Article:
Questions-Day 9 (2/21/13)
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The hand of the Lord came upon me, and he brought me out by the spirit of the Lord and set me down in the middle of a valley; it was full of bones. 2 He led me all around them; there were very many lying in the valley, and they were very dry.
3 He said to me, “Mortal, can these bones live?” I answered, “O Lord God, you know.”
One of the most visionary prophets of the Old Testament was a priest named Ezekiel. He lived about 2,600 years ago. He witnessed the terrible siege of Jerusalem by the Babylonians in which Jerusalem fell in 587 B.C. He spent years in exile, along with other Jewish leaders, in what is now modern day Iraq. There the hand of the Lord was upon him to proclaim hope in a time of hopelessness. Ezekiel's most remembered vision is the vision of the dry bones. Of the things in Scripture to which we can relate as people living in Amarillo, it is "dry bones."
In the 13-year war between King Zedekiah and King Nebuchadnezzar, one-third of Judah's population starved to death, one-third were killed in battle, and one-third were carried off to Babylonian captivity. The valley of Judah contained the decayed bones of slain victims denied the dignity of a decent burial, their flesh picked clean by the birds of the air. This vision of Ezekiel was more than a figment of his imagination. He had caught a glimpse of them as he was carried away from his home town. There were a great many bones and they were very dry. The valleys are real. The bones are many.
If you read all of Ezekiel 37 you will see that this question from God leads to a series of God making a statement, God anticipating what the people will be asking and God giving Ezekiel the words to say. As Ezekiel responds to the first message he is given by God to proclaim, there is a noise: "So I prophesied as I was commanded. And as I was prophesying, there was a noise, a rattling sound, and the bones came together, bone to bone." (Ezekiel 37:7)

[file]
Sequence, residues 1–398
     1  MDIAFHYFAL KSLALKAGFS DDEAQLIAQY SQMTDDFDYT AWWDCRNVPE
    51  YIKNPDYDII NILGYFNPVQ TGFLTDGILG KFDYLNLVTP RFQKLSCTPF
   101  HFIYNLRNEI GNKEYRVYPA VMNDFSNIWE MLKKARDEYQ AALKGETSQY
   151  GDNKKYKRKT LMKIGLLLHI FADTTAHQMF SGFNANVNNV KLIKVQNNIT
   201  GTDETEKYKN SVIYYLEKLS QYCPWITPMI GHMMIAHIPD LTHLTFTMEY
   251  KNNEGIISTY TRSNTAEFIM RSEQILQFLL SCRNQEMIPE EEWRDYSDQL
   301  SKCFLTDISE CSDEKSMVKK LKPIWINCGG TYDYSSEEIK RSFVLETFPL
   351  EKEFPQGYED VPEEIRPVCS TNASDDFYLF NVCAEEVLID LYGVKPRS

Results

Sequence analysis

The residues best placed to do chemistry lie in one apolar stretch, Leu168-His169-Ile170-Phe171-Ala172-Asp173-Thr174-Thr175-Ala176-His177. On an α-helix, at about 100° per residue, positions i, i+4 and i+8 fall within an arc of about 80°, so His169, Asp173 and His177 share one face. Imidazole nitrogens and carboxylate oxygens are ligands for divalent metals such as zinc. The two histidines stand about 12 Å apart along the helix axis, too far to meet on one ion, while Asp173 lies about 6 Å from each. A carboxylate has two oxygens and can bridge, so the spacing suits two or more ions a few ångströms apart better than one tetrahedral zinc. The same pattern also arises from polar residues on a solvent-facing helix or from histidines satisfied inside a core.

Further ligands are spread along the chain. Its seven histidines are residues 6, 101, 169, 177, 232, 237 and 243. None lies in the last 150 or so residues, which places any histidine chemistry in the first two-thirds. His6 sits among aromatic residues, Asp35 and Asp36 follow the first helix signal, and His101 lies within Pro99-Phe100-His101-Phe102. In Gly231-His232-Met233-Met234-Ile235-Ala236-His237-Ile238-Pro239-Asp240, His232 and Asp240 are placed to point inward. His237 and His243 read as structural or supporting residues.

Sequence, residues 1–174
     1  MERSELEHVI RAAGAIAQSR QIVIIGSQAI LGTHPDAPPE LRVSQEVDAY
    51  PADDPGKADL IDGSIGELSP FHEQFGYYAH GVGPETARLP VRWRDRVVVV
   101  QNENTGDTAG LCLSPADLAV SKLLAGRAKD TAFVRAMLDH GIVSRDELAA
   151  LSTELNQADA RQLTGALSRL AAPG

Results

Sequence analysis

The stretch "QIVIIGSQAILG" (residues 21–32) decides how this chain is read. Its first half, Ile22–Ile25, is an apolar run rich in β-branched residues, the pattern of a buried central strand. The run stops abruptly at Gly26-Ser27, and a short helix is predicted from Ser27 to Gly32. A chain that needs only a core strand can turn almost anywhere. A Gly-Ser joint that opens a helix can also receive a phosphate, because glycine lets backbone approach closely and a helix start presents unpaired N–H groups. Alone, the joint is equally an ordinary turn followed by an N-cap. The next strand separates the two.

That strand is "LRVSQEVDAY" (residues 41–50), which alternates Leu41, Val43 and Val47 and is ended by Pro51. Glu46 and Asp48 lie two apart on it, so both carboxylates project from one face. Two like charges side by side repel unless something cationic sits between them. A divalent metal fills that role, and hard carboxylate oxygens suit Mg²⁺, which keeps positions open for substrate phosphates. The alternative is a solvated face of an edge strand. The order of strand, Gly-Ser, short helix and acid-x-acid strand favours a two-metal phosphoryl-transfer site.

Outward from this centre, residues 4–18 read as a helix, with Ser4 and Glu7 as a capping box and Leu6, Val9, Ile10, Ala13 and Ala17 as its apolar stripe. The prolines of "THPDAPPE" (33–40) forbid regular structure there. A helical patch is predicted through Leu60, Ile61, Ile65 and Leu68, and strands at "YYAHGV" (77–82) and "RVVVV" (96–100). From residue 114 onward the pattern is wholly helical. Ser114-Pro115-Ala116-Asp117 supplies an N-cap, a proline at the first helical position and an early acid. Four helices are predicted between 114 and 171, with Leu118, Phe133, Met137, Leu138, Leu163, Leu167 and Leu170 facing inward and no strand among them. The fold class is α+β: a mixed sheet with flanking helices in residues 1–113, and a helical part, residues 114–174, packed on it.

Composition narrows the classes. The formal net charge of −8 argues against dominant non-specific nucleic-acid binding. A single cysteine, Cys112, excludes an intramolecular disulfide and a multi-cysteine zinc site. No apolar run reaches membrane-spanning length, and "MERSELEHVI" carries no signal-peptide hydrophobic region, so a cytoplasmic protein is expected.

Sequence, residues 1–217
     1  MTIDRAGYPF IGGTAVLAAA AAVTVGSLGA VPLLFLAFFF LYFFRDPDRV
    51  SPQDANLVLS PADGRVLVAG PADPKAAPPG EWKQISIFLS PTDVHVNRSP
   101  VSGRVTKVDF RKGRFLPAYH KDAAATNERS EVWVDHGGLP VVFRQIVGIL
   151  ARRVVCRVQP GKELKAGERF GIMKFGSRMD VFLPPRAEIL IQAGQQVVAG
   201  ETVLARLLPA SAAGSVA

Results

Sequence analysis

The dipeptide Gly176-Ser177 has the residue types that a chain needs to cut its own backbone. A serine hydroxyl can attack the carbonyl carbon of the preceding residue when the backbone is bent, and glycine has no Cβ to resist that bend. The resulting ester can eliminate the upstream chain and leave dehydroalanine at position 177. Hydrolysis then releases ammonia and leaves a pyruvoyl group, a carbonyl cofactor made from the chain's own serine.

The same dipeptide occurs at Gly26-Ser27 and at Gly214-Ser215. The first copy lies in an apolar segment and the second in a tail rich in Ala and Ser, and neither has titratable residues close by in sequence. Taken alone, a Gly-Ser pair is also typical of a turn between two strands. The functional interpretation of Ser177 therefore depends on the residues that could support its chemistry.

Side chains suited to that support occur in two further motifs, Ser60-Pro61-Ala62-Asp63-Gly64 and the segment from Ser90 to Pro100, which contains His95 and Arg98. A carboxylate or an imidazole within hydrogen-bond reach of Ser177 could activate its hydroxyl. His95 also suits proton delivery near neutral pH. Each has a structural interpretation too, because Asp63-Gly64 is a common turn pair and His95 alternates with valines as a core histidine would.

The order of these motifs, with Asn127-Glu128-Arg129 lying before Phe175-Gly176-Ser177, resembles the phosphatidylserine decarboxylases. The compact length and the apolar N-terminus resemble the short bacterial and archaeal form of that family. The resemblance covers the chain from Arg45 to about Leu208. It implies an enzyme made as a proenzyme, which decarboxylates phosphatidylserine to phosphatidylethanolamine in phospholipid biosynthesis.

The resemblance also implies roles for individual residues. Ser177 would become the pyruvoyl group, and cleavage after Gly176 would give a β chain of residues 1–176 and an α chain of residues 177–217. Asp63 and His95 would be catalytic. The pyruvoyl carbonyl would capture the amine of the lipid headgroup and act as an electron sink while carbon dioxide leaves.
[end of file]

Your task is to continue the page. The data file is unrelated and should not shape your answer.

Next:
Could it be that questions, especially questions asked by God in Scripture, are a gift? We can read Ezekiel's reply above, but would God have been so intimately working with Ezekiel if he had responded like we often do: "uhm, well God, you know these are just bones . . . logically we know that they can't really live because they are no longer part of something that is living." Admit it, aren't there parts of your faith you feel are like the dead bones Ezekiel saw?
Dr. J. Howard Old's story says it best:
I was in the grocery store the other day when I watched a two-year-old throw a temper tantrum. Something between the Cheerios and the Frosted Flakes made him unhappy. He screamed to the top of his voice.
When that didn't work, he decided to stop breathing. His face turned red. His lips turned blue. I wondered what to do. His mom, however, seemed unconcerned. She knew he would eventually breathe - and he did.
I've thrown my fair share of temper tantrums with God - - decided in anger or grief to stop breathing spiritually. When God didn't respond with a siren and paramedics, I concluded He was not there. But like that mother, He is there all the time. He said, you'll breathe again at the right time, in the right way. God is closer than the air we breathe.
Where are the "dead bones" in your faith? God is baiting you into a resurrected faith by asking, "Can these dead bones live?" How will you respond?